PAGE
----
Board’s letter opposes CDF fire budget cuts
Nevada County supervisors will send a letter opposing a $20 million California Department of Forestry and Fire Protection budget cut proposed by Gov. Gray Davis.
Davis’ proposed 2002-03 budget also gives CDF the authority to seek reimbursement from cities and counties for firefighting services that aren’t covered by its budget.
With over 200,000 acres of land in Nevada County, the cuts could have a devastating financial impact on the county, said Supervisor Sue Horne Tuesday.
Fighting potentially catastrophic wildland fires, such as the 49er Fire of 1989, will take the combined efforts of state, federal and local fire agencies to protect lives and property, according to the supervisors’ letter.
“Without a firm commitment of state fire protection resources to aid in this effort, our ability to protect Nevada County will be severely degraded,” the letter stated.
The supervisors urged Davis to fulfill his commitment to public safety and emergency services by not passing the state deficit – currently an estimated $17.5 billion – onto local governments.
Davis’ proposal fails to recognize that local governments and firefighting agencies also assist CDF in fighting fires on state lands, Horne said.
She said the state Assembly budget subcommittee voted April 3 not to move forward with the CDF reimbursement authority. Instead, it told state fire officials to go back and find other areas to cut $20 million.
Davis’ proposal was tabled when Republicans started asking questions, said Brett Michelin, spokesman for Assemblyman Sam Aanestad, R-Grass Valley.
CDF wants to charge local firefighting agencies for assistance beyond the state’s area of responsibility, Michelin said, but locals are often first to respond to fires on state lands.
“So what’s to stop locals from charging CDF?” he asked.
CDF was told by the budget subcommittee to work with local stakeholders on a plan that works for everyone, said CDF Deputy Director Louis Blumberg.
Blumberg said that at this point he doesn’t know if or how much the CDF budget will be cut, but that the final decision should be made in June.
“We look at fire protection as a statewide system and allocate funds to provide the best level of protection to the entire state, and that’s what we’ll continue to do,” he said.
In other business, Nevada County Airport Manager Gary Petersen was called on the carpet and subsequently vindicated of accusations he was working for the county’s open-space planning program, Natural Heritage 2020, on county time.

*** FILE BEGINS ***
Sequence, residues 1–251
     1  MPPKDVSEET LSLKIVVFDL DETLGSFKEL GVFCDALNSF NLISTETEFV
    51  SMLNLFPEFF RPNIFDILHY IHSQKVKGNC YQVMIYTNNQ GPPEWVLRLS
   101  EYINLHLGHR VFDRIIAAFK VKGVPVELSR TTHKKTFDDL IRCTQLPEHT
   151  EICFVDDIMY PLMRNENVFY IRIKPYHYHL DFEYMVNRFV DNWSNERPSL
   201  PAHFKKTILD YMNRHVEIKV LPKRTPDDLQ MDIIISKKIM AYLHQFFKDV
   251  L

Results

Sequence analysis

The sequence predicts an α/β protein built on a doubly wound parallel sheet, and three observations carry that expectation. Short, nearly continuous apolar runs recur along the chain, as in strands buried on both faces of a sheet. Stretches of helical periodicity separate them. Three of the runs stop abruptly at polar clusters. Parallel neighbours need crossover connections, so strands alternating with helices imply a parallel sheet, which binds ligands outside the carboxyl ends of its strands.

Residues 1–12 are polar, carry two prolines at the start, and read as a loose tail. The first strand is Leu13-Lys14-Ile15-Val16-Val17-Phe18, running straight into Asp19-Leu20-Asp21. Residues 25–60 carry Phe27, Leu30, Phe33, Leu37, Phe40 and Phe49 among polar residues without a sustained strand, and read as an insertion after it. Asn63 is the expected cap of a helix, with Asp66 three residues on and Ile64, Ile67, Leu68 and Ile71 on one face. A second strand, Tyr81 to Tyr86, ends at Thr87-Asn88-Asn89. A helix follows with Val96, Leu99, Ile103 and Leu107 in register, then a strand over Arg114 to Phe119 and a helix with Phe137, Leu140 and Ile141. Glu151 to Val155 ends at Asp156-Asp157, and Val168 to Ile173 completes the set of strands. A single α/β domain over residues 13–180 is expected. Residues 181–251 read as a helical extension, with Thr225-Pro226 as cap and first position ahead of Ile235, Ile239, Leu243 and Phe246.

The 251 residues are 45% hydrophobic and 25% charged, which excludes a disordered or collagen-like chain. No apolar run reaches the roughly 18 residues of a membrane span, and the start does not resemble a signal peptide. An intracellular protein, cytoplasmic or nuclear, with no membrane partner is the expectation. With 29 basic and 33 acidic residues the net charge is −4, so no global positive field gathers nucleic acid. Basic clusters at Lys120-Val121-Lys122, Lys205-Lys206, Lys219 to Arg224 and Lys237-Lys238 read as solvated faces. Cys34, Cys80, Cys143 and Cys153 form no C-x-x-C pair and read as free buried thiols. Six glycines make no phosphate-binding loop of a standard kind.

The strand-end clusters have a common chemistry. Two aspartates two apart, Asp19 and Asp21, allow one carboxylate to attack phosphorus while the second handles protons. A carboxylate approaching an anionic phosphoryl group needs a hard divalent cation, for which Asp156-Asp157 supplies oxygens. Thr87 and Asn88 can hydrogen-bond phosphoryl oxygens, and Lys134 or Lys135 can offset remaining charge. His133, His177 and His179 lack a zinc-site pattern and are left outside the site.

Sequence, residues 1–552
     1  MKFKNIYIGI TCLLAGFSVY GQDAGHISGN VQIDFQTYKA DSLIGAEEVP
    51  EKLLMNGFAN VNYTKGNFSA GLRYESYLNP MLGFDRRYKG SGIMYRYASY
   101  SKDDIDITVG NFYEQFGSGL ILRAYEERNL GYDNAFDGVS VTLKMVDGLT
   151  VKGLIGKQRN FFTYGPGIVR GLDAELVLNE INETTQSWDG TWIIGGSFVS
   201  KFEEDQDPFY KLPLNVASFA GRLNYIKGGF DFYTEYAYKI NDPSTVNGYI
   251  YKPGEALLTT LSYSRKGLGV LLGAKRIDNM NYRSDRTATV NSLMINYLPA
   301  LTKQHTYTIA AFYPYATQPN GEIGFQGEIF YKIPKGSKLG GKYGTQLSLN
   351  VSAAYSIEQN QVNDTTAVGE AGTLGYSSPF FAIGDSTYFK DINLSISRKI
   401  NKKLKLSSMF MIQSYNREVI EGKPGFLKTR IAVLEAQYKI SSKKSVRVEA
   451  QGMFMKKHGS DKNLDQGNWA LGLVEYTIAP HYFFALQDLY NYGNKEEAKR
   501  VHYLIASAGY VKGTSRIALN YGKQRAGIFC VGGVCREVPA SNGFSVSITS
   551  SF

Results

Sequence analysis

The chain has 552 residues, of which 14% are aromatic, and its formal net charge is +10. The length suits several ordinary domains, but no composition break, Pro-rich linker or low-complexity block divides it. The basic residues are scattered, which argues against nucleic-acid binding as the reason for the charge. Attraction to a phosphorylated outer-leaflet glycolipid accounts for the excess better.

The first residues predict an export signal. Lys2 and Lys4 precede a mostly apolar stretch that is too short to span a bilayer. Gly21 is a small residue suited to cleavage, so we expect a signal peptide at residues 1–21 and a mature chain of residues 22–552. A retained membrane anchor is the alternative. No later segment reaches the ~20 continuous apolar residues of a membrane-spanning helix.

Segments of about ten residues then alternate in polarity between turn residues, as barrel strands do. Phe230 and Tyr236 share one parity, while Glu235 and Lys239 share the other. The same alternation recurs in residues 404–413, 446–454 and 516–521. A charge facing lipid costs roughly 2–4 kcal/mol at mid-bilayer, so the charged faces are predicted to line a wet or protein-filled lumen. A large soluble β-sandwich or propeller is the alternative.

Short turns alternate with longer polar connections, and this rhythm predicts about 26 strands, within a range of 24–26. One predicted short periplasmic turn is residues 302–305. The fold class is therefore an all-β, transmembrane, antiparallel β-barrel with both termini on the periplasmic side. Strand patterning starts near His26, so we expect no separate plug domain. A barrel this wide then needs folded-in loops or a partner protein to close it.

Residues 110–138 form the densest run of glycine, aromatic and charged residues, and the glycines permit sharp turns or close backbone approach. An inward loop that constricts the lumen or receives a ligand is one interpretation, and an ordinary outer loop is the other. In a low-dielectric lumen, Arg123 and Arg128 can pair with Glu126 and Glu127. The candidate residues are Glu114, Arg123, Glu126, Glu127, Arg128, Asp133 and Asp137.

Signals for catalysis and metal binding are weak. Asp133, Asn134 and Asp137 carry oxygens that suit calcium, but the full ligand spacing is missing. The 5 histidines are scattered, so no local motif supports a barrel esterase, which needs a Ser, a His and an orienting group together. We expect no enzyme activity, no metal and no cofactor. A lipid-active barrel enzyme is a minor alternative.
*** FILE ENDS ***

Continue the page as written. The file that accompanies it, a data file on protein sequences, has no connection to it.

The matter surfaced March 19, when former airport commissioner Larry Christie addressed the board during the public comment period.
Christie said Petersen’s salary comes out of the airport enterprise fund – which is earmarked for operations – but many of his activities are not related to the airport.
“The word ‘misappropriation’ comes to mind,” Christie said.
In order to keep the airport moving in the right direction, Petersen said it’s important that he work in “multiple levels outside the airport” and collaborate with other county department heads.
“Are you saying you weren’t spending time on non-airport business?” asked Supervisor Bruce Conklin.
“I do believe everything does link back to the airport,” Petersen responded.
Horne commended Petersen for moving the airport forward.
“However, I think to say that everything you do is tied to the airport is too broad,” she said. “For instance, facilitating NH 2020 events.”
About a year ago, Petersen – a trained meeting facilitator – said he was asked to volunteer to facilitate an NH 2020 meeting.
He said the meeting was at night – on his time and not the county’s time.
“If we try to pigeonhole department heads into working in just one department and not sharing their expertise … we would be remiss,” said Supervisor Peter Van Zant.
“I think it’s appropriate to clarify how Gary’s time is spent on matters other than the airport,” Horne said.
But since Petersen volunteered his own time to facilitate the meeting, “that’s appropriate too,” she added.
Support Local Journalism
Support Local Journalism
Readers around Grass Valley and Nevada County make The Union’s work possible. Your financial contribution supports our efforts to deliver quality, locally relevant journalism.
Now more than ever, your support is critical to help us keep our community informed about the evolving coronavirus pandemic and the impact it is having locally. Every contribution, however large or small, will make a difference.
Your donation will help us continue to cover COVID-19 and our other vital local news.
Start a dialogue, stay on topic and be civil.
If you don't follow the rules, your comment may be deleted.
User Legend: Moderator Trusted User